Psychotherapy encompasses a broad range of interactions between mental-health professionals and their clients in which the therapist seeks to help the client solve personal or family problems. Psychotherapy is usually based on verbal interaction between the therapist and the client, giving us the familiar term talk therapy. The therapist’s understanding of the client’s problems is typically guided by a theory of the origin and dynamics of such difficulties, so the verbal interaction is focused in ways thought to be helpful to the client.
There are many approaches to psychotherapy. One type of psychotherapy focuses on the client’s history, so that the therapist helps the client understand early experiences in new, beneficial ways. Another type allows the client maximum opportunity to do their own problem solving, helping to elicit their own answers to their questions and issues. Yet another type of psychotherapy seeks to teach the client reasonable and balanced interpretations of their problems, helping them to avoid negative, catastrophic thinking and embrace a positive, empowering understanding.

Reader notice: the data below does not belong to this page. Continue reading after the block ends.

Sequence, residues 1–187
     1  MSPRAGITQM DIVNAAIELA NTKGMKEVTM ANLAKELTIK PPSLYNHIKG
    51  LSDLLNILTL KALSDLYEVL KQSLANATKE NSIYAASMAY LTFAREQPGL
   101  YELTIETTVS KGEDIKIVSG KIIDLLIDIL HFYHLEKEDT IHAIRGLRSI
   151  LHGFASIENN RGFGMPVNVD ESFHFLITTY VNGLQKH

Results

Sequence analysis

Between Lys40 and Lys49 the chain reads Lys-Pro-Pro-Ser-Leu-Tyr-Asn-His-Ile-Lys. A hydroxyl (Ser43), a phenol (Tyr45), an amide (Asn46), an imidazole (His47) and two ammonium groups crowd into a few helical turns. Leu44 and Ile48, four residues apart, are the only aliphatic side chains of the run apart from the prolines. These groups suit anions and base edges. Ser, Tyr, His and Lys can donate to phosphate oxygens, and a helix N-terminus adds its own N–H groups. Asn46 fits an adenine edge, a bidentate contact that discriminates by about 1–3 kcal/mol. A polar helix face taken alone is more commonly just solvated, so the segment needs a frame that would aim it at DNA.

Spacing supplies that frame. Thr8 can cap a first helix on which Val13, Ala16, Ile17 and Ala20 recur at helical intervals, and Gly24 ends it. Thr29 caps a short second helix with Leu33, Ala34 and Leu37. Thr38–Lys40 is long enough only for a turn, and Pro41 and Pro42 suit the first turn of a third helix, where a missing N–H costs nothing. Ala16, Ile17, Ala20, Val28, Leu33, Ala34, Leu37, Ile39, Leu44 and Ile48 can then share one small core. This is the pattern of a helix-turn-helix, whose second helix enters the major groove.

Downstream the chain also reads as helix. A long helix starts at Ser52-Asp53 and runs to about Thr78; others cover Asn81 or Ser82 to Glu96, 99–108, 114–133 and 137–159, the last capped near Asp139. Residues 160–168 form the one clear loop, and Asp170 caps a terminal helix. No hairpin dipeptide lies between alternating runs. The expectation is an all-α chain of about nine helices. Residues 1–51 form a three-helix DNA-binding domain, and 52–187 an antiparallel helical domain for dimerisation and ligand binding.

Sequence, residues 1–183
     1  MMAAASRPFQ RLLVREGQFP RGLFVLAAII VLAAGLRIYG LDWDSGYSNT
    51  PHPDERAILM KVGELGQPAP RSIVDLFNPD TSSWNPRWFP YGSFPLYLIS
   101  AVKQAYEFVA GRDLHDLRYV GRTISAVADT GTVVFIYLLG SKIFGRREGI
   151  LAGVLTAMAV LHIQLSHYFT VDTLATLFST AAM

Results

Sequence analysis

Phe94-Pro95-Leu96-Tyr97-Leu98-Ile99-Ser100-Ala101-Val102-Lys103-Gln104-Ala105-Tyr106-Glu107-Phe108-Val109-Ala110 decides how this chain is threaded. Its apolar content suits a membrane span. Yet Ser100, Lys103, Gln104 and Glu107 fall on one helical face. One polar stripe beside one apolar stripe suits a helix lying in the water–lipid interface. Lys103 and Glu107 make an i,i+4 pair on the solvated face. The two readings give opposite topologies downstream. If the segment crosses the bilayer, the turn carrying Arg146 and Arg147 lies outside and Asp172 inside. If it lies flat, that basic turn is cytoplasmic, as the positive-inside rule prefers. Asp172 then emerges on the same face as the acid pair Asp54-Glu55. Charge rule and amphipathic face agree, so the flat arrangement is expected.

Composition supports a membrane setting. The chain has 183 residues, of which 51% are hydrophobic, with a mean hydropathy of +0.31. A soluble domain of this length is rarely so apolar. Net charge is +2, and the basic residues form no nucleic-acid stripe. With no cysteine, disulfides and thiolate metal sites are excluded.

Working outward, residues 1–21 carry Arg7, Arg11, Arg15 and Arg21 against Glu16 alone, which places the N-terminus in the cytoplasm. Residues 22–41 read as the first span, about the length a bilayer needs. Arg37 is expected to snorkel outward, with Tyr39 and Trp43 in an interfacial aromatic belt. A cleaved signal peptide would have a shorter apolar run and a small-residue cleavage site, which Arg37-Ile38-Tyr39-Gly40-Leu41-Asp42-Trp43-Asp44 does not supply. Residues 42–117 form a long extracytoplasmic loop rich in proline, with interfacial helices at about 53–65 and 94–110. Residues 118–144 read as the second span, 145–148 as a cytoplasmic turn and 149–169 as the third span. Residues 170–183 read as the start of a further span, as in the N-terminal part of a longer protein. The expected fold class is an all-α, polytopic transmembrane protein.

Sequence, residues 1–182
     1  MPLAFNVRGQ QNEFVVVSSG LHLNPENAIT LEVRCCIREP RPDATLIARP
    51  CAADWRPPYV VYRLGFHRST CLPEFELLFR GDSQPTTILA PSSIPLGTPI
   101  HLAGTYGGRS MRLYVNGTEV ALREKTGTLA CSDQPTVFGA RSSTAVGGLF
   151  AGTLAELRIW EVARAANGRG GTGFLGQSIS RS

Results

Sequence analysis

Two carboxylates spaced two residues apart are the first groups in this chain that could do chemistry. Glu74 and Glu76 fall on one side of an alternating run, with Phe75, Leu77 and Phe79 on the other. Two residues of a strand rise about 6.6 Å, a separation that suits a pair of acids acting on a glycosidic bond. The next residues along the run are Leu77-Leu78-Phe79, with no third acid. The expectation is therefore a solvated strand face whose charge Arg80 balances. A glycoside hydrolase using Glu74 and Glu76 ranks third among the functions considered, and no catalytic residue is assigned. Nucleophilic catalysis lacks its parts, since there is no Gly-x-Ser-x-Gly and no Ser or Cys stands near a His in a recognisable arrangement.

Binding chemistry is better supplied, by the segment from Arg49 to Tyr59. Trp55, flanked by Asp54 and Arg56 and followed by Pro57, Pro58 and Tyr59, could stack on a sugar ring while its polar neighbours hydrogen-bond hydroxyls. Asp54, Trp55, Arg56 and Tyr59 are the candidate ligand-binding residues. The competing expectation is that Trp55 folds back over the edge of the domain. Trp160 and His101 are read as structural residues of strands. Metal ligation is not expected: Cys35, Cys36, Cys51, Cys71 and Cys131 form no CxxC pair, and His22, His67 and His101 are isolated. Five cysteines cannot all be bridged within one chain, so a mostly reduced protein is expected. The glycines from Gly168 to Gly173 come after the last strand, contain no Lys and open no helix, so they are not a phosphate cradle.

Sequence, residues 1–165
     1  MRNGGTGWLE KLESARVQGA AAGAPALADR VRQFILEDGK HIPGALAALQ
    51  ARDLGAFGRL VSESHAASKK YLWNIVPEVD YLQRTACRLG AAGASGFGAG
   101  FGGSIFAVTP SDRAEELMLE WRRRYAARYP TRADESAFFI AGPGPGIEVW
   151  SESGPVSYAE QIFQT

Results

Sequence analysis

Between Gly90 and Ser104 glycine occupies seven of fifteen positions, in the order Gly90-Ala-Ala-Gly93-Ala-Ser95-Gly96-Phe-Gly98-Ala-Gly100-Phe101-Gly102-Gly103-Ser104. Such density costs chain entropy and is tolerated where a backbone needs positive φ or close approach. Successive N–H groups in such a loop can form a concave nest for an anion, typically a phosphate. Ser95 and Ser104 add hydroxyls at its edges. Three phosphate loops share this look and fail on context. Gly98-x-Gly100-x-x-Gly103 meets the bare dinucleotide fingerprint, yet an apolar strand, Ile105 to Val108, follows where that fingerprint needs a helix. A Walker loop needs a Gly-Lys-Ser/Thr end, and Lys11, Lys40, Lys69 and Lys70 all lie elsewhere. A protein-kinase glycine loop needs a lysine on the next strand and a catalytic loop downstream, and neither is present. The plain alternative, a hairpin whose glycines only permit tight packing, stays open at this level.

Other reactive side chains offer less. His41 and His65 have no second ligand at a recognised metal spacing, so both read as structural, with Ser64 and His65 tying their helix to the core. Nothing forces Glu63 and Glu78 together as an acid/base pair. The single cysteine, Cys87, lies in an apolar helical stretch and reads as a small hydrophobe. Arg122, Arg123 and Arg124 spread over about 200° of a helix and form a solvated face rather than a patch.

At the Applied Psychology Centre, we use psychotherapy in the broader context of assessment, diagnosis, and training of basic skills in self-regulation.